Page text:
‘I want to be a Chiefs legend’


HARARE – Former Warriors captain Willard Katsande reached a milestone when he made his 200th official appearance for South Africa Absa Premiership side Kaizer Chiefs last month.

Although he is still a long way from catching Doctor Khumalo, who holds the record for most Amakhosi appearances at 497, Katsande is still chuffed by the achievement.

His next target is trying to surpass fellow countryman Tinashe “Father” Nengomasha’s 317 appearances for the Phefeni Glamour Boys.

The Daily News on Sunday Sports Editor Nigel Matongorere spoke to the Chiefs midfield enforcer regarding his milestone.

Below are excerpts of the interview.     

Q: How do you feel after surpassing 200 official games for Kaizer Chiefs?

A: Obviously it’s a good feeling following this individual achievement. I have worked hard to be where I’m at the moment. I never thought I would get this far considering the way Chiefs signed me.

Q: How did the transfer happen?

A: I was playing for Ajax Cape Town at that time, but the club had told me that they would be terminating my contract at the end of the season. The club had signed me when Foppe De Haan was the coach, but he was also leaving at the end of the season with Maarten Stekelenburg coming in to replace him. Stekelenburg had already told me that I was not in his plans so I was looking for a new club at that point when I travelled back home to play in an international friendly against Zambia at Rufaro Stadium. Bobby (Motaung) watched the match because he wanted to sign Lincoln Zvasiya. I had a good game that day and on my way back to Cape Town I was in the same flight with him. I was surprised when he told me that he wanted to take me and Zvasiya to Naturena when we spoke on the flight. I thought it was a joke. At that point I did not really take him seriously but I was surprised when I finally got the call that Chiefs would be signing me.        

Q: What has been the biggest challenge you faced in reaching this milestone with Chiefs?

A: When the team is not doing well, there is a lot of pressure from everywhere because Chiefs is a really big club. It’s a huge challenge because even on the streets people stop you to ask what’s wrong with the team. Mentally, it can be draining at times but obviously you need to realise that the only people that can take you out of the mess us the players. You just need to keep on working hard and try to do your best on the pitch so that results start coming.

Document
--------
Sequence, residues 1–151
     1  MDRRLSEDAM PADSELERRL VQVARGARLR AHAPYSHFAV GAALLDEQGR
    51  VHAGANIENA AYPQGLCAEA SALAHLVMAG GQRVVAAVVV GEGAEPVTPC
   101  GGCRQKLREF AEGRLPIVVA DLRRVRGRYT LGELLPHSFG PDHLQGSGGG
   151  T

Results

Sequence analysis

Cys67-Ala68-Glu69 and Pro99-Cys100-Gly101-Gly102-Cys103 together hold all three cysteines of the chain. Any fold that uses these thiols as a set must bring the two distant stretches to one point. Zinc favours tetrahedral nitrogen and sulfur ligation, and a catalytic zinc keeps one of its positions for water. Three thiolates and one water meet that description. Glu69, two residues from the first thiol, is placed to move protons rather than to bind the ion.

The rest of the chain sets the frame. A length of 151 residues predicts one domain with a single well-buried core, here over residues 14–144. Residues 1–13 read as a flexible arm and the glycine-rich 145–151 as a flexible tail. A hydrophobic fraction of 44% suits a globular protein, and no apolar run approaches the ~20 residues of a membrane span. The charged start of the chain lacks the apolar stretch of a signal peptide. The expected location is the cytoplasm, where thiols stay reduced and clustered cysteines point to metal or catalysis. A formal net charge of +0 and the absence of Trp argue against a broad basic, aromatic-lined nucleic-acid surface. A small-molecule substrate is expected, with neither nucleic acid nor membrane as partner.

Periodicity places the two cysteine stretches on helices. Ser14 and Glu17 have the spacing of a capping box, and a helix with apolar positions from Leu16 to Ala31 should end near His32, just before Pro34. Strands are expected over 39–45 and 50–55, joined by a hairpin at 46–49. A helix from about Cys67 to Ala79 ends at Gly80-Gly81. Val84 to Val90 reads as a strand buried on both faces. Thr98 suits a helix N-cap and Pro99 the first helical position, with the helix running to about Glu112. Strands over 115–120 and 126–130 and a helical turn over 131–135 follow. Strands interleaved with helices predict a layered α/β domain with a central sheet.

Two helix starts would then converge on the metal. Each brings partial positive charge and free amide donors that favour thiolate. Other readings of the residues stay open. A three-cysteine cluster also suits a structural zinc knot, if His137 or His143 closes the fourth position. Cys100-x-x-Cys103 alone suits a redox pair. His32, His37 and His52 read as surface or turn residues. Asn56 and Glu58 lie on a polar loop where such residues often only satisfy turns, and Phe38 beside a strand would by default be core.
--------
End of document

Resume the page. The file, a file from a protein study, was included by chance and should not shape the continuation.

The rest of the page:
Q: You struggled during your first days at Chiefs as you picked up yellows cards on a regular basis and sometimes missing crucial matches due to suspensions. How did you improve your game to become such a mainstay in the team?

A: Obviously, you get worried when you pick up yellow cards regularly and it was really affecting my game. I improved by watching other players that play in my position to see how they stayed out of trouble with referees. The two players I really looked up to and talked to help me change my game were Tinashe (Nengomasha) and Esrom (Nyandoro) who are legends when it comes to my position. I had to be strong and put in a lot of work to perfect my game. All my previous coaches helped me a lot as well.

Q: What more do you still want to achieve with Chiefs since you have won almost every cup that is there to offer in South Africa?

A: For me, it’s a matter of just enjoying my game and playing well for the team. I have just renewed my contract with another four years. I’m 31 at the moment and my target now is to see whether I can catch Tinashe and Doctor Khumalo on that list of most appearances. I want to go down as a Chiefs legend and if I keep on working hard anything is possible. With the team, my target is to make sure that we win every competition we play in but the most important trophy that I want to win again is the big one — the league title.

Q: There is a bit of confusion regarding your international career with the Warriors. Have you retired or you are willing to come back and play for the national team?

A: When I made my decision to quit the national team, it was crystal clear that I had made my decision. However, when I returned to Chiefs after the Afcon finals in Gabon, I had a discussion with my bosses here and they asked me to re-evaluate my decision.
They thought I still had a lot to offer the national team and that’s when I made the announcement that I was coming back. However, I was not selected for the last Afcon qualifiers and I understood that the coach wants to give other players a chance. At the moment I don’t think I will come back to the Warriors to play again but maybe to help here and there in a different capacity. I love my country Zimbabwe and if I did not play for the Warriors, I would not have been here at Chiefs because of the story I told you before. I can promise the fans that one day I will be back with the Warriors maybe even as a coach in the future because I want to give back to my country.

Q: You are now 31 and must be probably thinking of life after football; what are your plans when you finally hang up your boots?

A: I want to go to Europe to do my coaching courses once I hang up my boots. I will be very much involved in football here in South Africa and Zimbabwe. Like I have said before, my dream is to one day coach the Warriors and at the moment I’m in the initial stages of setting up my company so that I can also be an agent after playing football. I want to help Zimbabwean players break through here in South Africa and other European leagues. There are also a number of businesses that I want to set up but I cannot give you the details yet since I’m still in discussions with my partners.


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